To protect Ohio's water resources, Ohio EPA issues National Pollutant Discharge Elimination System (NPDES) permits. These permits authorize the discharge of substances at levels that meet water quality standards and establish other conditions related to issues such as combined sewer overflows, pretreatment and sludge disposal. This is an overview of the process for issuing individual NPDES permits. The series of steps for a particular permit may vary somewhat depending on the size, nature, and complexity of the discharge.
The first step in developing an NPDES permit is acquisition of chemical, physical, and biological data from the field and laboratory. Instream chemical data are collected to determine the effect of the discharge on receiving water and sediment quality. Biological data are collected to determine if the discharge is having an impact on the fish and macroinvertebrate organisms that live in the receiving water. Effluent chemical data are also obtained to establish an accurate portrayal of current discharge conditions. Instream chemical data and stream physical data, such as cross section measurements and flow, are necessary for conducting water quality modeling.
As part of developing effluent limits and monitoring requirements, the water quality standards that apply to the receiving water are determined, and federal effluent guidelines are consulted for applicability. Permit conditions are developed based on the applicable regulatory requirements to address issues such as new or expanded discharges, combined sewer overflows, sludge disposal, and industrial pretreatment programs.
Ohio EPA develops Water Quality Permit Support Documents (WQPSD), which incorporate a stream assessment, the wasteload allocation, and the antidegradation review. The WQPSD takes a holistic look at a discharger's impact on a stream, evaluating the total impact of the facility rather than just a pipe-by-pipe analysis.
Information considered in developing the WQPSD may include:
- Information and data from the permit renewal application
- Effluent chemical data
- Instream chemical data
- Instream sediment data
- The SARA toxic release inventory
- Whole effluent toxicity test results
- Intensive biological and chemical water quality survey results
- Ohio EPA Division of Environmental Response and Revitalization chemical spills database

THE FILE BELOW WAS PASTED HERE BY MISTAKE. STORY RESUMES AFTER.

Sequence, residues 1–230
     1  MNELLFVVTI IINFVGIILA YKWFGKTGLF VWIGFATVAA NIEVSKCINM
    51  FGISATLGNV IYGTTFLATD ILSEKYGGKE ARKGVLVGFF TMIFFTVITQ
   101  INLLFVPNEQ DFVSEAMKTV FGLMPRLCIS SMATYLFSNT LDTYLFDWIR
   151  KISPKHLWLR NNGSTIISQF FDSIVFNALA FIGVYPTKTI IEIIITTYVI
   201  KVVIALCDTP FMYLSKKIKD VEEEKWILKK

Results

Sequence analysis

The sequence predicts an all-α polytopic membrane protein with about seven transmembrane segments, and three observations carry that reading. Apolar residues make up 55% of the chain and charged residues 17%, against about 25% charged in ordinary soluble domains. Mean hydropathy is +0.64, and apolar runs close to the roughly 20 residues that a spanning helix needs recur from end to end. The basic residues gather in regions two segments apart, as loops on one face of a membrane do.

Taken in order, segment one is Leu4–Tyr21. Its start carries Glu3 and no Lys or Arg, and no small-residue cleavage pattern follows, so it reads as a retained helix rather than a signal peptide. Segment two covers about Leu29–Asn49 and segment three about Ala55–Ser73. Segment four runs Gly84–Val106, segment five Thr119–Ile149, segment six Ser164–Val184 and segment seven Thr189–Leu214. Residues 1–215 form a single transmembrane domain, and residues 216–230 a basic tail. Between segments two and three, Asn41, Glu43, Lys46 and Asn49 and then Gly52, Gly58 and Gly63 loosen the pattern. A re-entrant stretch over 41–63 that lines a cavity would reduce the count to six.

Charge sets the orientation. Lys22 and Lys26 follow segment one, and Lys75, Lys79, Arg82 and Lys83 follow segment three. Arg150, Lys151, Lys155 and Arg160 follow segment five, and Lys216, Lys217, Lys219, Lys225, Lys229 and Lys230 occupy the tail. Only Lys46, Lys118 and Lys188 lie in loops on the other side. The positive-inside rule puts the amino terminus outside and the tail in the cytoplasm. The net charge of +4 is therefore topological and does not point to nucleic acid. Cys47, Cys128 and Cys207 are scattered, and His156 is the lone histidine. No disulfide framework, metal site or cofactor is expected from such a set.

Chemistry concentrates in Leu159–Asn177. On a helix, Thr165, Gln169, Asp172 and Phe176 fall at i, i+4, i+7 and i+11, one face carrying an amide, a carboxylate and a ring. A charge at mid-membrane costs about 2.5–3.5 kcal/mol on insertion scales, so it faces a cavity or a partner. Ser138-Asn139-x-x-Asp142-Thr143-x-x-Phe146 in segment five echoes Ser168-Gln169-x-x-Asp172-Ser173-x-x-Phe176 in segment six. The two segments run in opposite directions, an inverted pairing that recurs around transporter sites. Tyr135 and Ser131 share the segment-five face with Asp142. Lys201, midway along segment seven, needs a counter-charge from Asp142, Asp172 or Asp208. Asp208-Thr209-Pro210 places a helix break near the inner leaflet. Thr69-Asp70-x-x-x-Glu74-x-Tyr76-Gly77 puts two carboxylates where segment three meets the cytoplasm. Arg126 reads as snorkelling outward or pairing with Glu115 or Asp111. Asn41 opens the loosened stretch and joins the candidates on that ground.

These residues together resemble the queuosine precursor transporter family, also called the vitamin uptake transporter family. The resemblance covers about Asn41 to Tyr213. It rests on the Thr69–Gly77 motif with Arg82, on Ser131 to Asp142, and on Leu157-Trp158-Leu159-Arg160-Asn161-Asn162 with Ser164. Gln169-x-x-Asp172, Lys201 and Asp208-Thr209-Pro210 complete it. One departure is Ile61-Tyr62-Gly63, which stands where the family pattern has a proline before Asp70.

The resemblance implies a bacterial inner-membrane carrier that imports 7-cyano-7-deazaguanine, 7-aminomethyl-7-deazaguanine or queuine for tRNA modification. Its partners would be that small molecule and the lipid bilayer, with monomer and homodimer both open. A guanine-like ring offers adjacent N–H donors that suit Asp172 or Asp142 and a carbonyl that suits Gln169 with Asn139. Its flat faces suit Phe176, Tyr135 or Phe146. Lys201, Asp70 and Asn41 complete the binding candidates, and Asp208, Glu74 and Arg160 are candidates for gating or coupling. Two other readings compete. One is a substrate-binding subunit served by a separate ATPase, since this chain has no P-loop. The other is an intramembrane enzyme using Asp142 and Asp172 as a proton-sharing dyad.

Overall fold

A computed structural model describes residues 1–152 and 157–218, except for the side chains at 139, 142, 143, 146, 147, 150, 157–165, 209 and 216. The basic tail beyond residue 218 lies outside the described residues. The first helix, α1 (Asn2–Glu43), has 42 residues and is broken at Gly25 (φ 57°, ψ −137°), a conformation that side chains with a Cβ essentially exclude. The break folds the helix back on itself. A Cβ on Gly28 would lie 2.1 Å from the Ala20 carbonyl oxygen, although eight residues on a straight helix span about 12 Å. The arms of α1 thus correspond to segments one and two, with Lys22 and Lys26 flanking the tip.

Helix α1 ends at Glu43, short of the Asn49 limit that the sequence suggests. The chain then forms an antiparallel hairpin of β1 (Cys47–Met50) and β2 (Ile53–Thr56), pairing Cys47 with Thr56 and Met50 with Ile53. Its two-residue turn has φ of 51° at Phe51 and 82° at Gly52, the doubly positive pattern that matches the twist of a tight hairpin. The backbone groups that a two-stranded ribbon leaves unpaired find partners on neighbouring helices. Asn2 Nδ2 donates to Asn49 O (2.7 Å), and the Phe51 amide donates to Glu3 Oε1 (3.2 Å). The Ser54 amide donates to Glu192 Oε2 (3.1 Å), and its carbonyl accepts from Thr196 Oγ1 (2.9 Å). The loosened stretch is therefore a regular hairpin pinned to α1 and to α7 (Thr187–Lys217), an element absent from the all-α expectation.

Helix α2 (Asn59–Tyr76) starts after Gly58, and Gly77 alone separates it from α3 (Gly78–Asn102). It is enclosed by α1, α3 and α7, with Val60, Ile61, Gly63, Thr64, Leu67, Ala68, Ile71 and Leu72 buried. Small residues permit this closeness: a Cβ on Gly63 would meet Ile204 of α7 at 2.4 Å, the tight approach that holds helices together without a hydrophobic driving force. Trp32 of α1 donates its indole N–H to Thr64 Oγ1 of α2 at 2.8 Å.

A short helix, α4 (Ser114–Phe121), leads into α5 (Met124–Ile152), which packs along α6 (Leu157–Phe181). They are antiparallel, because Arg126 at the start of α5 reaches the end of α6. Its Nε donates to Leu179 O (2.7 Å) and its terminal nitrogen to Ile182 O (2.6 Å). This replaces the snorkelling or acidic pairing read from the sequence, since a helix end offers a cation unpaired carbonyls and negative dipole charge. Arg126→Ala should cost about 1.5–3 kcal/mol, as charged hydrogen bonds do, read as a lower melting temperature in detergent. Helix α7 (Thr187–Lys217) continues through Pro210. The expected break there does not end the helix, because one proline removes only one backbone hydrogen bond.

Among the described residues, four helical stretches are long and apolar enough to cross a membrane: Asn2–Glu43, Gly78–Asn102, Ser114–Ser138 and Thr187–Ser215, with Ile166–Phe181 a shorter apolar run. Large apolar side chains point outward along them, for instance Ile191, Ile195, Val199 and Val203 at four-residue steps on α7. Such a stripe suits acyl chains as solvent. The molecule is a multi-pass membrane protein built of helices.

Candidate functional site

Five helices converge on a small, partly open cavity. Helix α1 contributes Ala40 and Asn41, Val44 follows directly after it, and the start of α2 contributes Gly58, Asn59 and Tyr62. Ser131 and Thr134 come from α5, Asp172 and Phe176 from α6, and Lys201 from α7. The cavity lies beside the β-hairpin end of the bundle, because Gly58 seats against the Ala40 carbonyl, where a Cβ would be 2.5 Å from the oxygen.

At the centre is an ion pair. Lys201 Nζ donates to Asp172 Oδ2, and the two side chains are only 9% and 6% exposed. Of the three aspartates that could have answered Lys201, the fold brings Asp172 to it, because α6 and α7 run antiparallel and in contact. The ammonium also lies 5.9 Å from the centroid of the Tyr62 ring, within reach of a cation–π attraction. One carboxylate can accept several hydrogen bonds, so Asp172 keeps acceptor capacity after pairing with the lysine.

- Ohio Department of Natural Resources fish kill records
- Fish tissue analysis
- Wasteload allocation report
One component of the WQPSD is the wasteload allocation. Using stream modeling techniques, water quality under various design conditions can be projected. These techniques, ranging from a simple mass balance method to a complex water quality model, are used to determine what quality effluent a facility must discharge to maintain instream water quality standards.
Effluent limits and monitoring requirements are determined using the WQPSD, a consideration of federal regulations, state regulations, Division of Surface Water policies and guidance, and application of risk management decisions. A fact sheet is prepared that outlines the decision making process and provides the technical justification for the permit limits, monitoring requirements, and other permit conditions. The fact sheet also serves to inform the public of the procedure for providing information for the Agency to consider prior to issuing a final permit.
A public notice announcing the draft permit is issued to inform the public of the actions being taken by Ohio EPA. During the 30-day review period following issuance of the public notice, the general public, regulated entity, and interested parties may become involved in the permitting process by submitting written comments or requesting a public meeting or hearing.
Once the public notice period has ended, all comments are addressed before issuance of the final NPDES permit. Once a final permit is issued, it may be appealed within 30 days to the Environmental Review Appeals Commission.
Additional details of the individual permit process are presented schematically in the following flow charts: